How Did Your Doctor Break the News About Your Breast Cancer?

There was a jarring story in HealthDay recently about a survey that found doctors do a poor job telling patients they have cancer. One woman got the news in a voice mail; another heard when she was told she needed to schedule an appointment with a neurosurgeon. When she asked why, her doctor said because she had a brain tumor and hung up. Two words–bedside manner.

The HealthDay article said that doctors often drop this bomb on people in public settings or over the phone. My doctor told me over the phone because I wanted him to. They didn’t get the results until the day before I was scheduled to leave on a business trip, and I didn’t want the uncertainty hanging over me for a second weekend (my biopsy was on Friday of the previous week–not real swift scheduling on my part). He called me around 6 that evening so we could talk without interruption.

I really didn’t mind getting the news over the phone. I mean, if he had said come in so we can talk he would have given it away–so just tell me. Voice mail would be a different story. You don’t drop something like that on someone in a voice mail. That’s just common sense and common courtesy.

Disclosure: I wasn’t the best about telling my husband Bruce when I flunked my second mammogram and found out I needed a biopsy. I was trying to figure out how to tell him after work that day when he happened to mention a colleague’s wife needed a biopsy. I thought, “Great, here’s my opening,” and blurted, “I need a biopsy too.” While a biopsy isn’t quite the shock the cancer diagnosis is, it might be good to preface news like that with a bit of a warning.

I’m curious to hear how this went for others. If anyone has stories you’d like to share about how you got the news–whether it was cancer or another big diagnosis–please feel free to share your comments.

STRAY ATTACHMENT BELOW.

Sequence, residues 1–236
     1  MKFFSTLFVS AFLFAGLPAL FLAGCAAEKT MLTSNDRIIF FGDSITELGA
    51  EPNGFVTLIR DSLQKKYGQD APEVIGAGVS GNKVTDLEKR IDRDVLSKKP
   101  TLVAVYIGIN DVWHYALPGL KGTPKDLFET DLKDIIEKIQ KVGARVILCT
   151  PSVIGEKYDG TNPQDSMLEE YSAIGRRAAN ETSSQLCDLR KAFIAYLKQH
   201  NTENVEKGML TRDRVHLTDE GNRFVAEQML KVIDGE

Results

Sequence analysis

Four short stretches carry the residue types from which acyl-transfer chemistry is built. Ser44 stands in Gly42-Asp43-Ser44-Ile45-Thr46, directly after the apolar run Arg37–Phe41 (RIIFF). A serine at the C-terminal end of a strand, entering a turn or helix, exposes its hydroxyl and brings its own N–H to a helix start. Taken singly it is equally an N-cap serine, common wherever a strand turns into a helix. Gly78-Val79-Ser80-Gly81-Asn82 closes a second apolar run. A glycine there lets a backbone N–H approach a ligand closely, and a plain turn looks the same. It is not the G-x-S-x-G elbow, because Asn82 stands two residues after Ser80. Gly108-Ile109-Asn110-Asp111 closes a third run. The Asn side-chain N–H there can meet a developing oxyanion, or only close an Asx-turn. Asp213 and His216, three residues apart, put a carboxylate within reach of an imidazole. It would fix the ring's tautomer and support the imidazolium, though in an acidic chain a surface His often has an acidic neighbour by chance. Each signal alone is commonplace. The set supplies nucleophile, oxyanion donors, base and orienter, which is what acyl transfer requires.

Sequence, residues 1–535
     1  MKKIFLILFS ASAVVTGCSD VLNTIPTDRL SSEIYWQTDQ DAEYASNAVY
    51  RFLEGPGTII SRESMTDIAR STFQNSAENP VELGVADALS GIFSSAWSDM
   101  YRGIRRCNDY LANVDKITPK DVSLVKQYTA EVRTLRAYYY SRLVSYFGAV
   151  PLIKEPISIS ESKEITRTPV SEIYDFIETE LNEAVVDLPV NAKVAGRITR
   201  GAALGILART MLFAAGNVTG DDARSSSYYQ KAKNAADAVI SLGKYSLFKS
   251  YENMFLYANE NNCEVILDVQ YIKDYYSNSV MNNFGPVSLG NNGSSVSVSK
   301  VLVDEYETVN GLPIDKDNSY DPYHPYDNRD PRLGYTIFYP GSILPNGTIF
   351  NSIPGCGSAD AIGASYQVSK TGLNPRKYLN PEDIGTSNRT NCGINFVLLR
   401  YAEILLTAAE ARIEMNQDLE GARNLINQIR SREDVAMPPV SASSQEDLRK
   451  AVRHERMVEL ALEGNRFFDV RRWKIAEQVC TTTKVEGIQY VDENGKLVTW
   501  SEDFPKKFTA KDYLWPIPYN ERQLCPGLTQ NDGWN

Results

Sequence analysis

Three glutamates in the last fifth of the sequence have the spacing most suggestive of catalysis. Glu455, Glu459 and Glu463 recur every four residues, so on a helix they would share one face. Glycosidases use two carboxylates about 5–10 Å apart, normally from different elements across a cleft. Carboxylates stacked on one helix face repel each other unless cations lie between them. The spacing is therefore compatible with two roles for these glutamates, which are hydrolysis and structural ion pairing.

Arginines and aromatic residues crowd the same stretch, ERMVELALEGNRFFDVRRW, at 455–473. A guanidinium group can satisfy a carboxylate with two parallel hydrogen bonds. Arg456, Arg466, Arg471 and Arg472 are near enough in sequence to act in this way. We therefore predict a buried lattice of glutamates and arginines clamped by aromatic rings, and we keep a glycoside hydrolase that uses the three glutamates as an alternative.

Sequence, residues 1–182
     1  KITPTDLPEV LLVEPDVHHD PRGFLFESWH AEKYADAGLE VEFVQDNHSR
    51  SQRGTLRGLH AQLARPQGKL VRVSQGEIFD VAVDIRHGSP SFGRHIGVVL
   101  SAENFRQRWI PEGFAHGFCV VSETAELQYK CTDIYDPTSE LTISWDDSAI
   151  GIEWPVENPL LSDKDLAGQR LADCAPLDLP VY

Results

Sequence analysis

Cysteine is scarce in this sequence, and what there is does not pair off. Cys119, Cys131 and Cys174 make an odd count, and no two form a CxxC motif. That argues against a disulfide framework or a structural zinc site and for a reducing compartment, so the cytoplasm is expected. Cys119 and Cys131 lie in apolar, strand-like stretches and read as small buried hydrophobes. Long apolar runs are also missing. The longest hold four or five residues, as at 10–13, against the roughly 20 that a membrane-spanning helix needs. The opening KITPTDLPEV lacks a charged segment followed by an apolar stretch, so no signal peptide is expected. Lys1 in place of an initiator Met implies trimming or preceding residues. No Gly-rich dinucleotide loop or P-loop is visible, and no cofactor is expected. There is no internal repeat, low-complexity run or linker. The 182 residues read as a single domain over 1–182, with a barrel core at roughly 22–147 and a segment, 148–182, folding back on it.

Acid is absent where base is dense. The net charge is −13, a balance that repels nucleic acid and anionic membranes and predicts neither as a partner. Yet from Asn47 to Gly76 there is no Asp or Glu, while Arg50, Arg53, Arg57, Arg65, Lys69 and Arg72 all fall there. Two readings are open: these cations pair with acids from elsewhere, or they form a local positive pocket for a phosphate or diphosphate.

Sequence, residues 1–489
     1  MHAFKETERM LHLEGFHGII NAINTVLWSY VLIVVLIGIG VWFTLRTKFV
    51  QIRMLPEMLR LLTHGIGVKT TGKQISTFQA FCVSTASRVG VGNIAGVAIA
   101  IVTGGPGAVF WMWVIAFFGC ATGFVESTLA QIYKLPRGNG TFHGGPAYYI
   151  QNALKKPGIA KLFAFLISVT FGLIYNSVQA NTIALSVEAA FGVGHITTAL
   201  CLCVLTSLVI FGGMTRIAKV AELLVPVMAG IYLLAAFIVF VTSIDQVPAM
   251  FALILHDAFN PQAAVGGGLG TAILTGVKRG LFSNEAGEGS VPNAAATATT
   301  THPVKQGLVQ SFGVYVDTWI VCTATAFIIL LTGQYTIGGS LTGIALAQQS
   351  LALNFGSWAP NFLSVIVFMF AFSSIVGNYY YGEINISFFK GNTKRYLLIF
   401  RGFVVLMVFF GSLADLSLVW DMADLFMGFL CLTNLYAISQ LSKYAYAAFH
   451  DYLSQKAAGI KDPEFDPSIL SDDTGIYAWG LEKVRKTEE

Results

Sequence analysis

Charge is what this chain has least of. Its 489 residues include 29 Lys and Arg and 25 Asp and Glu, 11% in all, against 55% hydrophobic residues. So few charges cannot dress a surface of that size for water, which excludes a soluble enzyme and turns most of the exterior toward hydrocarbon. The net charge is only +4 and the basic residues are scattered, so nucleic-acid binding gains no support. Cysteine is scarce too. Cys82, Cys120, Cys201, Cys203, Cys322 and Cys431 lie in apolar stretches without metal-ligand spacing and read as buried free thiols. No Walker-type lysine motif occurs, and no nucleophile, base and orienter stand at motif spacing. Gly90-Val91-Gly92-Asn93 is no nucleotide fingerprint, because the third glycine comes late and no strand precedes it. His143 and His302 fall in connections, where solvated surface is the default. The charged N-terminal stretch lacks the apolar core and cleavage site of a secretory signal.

Update: In a post several weeks ago, I talked about how I didn’t agree with the coding for my most recent mammogram. They had coded it as a diagnostic mammogram instead of a routine screening, so I was responsible for the full covered amount. The screening would only require a co-pay. I asked them to audit the code, and they did. I just got a revised bill that says I am responsible for $14.50 instead of $145. The moral of that story is to keep your eye on those bills.

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3 thoughts on “How Did Your Doctor Break the News About Your Breast Cancer?

  1. I developed a condition called Transverse Myelitis in the summer of 2005. I found out later that it was clear at that time that the TM was caused by Multiple Sclerosis. But no one told me.

    Instead the condescending little snot of a neurologist told me I was “too old” for MS at 50. That I had “possible” MS. He did not tell me my spinal cord was alight with old MS lesions.

    I switched neurologists. I liked the next one I went to, a pleasant young woman. But even she did not tell me. Six months later, a relapse landed me back in the hospital. She was standing at the bottom of my bed and told me there was something on my brain in the new MRI.

    Me: So does that mean I have it?
    Her: Looks like it.

    And she left. Neither one of us even used the words Multiple Sclerosis.

    So that is how I was told. Crazy.

    I’m now on my third neurologist,

    • That’s awful! I’m so sorry you had to go through that, but thank you for sharing. I think stories like yours help us appreciate the good ones when they come along. I was lucky I didn’t have some hallway “drive-by” when I got the news about my DCIS, my family doctor told me and I’ve been with him for more than 15 years. But my first oncology consult was a bit of “Wham, bam, thank you ma’am.” I didn’t go back. Outcome was the same, but the doctor who is now my oncologist is much more compassionate.

  2. It sounds like we have ultimately been fortunate in our providers. But it is such a battle to find the right ones! And when you are sick and vulnerable it is overwhelming.

    On my blog I wrote a four part piece on the saga I went through getting diagnosed (My Journey to MS). The communication was appalling. I can understand it must be hard to give people bad news. But I would counter with, that’s what you get paid the big bucks for!!

    Thanks for the kind words, Jackie. 🙂

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